World explorers like Marco Polo and Christopher Columbus would likely balk at the modern luxuries of adventure travel. Treks through Mongolia and sea voyages across the Atlantic are now completed in mere days or weeks, and little thought is given to historic variables like invaders or starvation.
Yet, these trips still offer modern travelers a sense of accomplishment and discovery.
"It's very rare to walk into a corner of the world and [not] see a Coca-Cola can lying around," says 38-year-old Jamie Eliades, whose latest adventure vacation took place in December 2006 on Antarctica. It was the last continent the Washington-D.C. based epidemiologist had yet to visit.
"It's one of those extreme places that's so barely touched by man," he says, "which is getting harder and harder to find."
Not all adventure travelers are like Eliades, or driven by a desire to explore an unknown landscape. Instead, most turn such vacations into learning experiences about distant cultures, histories or environments. One thing these trips have in common: immersion in a local culture and an experiential component from cooking to cruising.
Adventure travel 101
Many adventure travel operators stress that their trips do not include bungee jumping or another type of extreme sport, which is often the common perception.
"Adventure is a big word," says George Deeb, CEO and founder of iExplore, an online adventure travel tour company. "It's different from one person to the next."
Deeb's customers are most interested in vacations that include physical and experiential components like hiking and biking or culinary tours and expedition cruising.
A feeling of immersion in the local culture or landscape is essential, he says. IExplore trips, for example, include an on-request lunch with former first lady Jehan el-Sadat while traveling in Egypt, and time spent with the Masai tribe of Kenya. Destinations like Venezuela, Jordan and Morocco have also become more common in recent years, whereas European locations have declined in popularity.
But it's often difficult for travelers to make time for such demanding trips. An October online survey of 2,027 people by Deloitte, an international consulting company, found that 49 percent of respondents wanted to take an adventure travel trip. The majority of those who replied affirmatively were between 18 and 29 and 45 and 60, a trend that points to the difficulty of scheduling time-intensive vacations when work or family obligations might prevent doing so.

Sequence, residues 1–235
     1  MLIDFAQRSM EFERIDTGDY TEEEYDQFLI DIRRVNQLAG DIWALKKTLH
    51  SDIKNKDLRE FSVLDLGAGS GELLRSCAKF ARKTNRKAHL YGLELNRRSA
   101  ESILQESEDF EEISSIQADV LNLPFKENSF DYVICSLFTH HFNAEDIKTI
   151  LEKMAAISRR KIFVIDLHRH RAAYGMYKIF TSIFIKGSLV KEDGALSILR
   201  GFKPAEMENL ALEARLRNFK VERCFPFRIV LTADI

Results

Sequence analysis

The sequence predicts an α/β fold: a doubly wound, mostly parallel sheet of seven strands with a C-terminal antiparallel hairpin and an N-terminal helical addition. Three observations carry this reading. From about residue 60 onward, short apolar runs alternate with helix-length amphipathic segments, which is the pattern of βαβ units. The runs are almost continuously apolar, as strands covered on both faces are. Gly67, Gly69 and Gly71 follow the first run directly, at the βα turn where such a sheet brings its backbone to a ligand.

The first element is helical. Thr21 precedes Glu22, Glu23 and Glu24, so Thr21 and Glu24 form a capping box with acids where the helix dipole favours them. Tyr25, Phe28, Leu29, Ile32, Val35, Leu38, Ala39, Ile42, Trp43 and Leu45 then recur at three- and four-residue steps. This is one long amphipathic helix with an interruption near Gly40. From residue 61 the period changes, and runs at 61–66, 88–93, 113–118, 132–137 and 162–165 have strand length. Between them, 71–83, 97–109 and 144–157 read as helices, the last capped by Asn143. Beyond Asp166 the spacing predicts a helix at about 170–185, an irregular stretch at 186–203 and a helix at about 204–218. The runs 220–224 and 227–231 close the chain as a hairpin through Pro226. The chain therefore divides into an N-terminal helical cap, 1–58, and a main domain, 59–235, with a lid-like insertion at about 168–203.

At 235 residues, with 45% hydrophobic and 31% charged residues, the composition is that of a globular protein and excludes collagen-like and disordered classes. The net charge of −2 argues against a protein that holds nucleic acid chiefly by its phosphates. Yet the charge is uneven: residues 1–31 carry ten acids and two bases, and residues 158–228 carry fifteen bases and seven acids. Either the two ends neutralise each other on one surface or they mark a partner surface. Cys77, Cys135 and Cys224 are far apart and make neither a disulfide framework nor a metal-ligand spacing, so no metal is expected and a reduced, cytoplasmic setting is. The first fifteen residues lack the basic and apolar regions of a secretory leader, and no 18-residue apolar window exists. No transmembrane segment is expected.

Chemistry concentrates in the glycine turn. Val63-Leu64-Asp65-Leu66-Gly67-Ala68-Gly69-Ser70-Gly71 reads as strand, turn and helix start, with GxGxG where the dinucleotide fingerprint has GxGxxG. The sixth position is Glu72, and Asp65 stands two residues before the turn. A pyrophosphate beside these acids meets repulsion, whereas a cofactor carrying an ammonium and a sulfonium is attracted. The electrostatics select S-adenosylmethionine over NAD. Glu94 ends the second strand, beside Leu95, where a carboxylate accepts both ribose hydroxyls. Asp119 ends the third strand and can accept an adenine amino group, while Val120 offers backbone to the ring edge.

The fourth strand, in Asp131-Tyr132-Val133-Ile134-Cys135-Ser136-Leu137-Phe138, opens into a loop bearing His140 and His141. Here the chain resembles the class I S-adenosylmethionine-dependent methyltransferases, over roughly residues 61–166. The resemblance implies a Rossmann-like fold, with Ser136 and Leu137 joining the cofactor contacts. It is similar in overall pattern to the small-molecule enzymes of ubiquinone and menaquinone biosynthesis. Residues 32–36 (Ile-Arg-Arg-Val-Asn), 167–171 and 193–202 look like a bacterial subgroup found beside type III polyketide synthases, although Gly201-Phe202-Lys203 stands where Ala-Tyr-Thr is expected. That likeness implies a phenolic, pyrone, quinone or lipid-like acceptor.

For Eliades, long trips in far-off places have been easier to arrange since his job as an epidemiologist for the Centers for Disease Control required stints of global travel. Prior to visiting Antarctica through iExplore, Eliades had already crisscrossed the globe to climb Africa's Mount Kilimanjaro, hike through Nepal and explore Vietnam.
"I get so much out of the trips," Eliades says. His memorable experiences include awakening in a Nepalese village to a 27,000-foot mountain that was not visible when he arrived the night before. "It was like something I'd never seen before."
With numerous online adventure travel tour operators available, coordinating a trip like Eliades' can be quite simple. Geographic Expeditions offers both private and group tours of destinations like Bhutan, Mongolia and Alaska. In Mongolia, travelers ride camels while exploring the Gobi Desert.
Linblad Expeditions styles its trips to places like the Atlantic Ocean and Antarctica as learning experiences. Environmental or cultural experts teach travelers about ecology and history and high-tech equipment like remote underwater vehicles, hydra-cameras and phones are utilized to fully capture the surroundings.
Sven-Olof Linblad, president of the company, says that the educational focus is designed to inspire travelers to become advocates of cultural heritage and natural beauty. He also notes that curiosity about certain destinations often correlates with news about climate change; in recent years, the number of people interested in the polar regions has doubled or tripled.
"Most people live hectic lives and they become disconnected with the natural world," says Linblad. "It's incredibly powerful to be out in the middle of nowhere where there are no buildings, nothing but raw nature."
© 2012 Forbes.com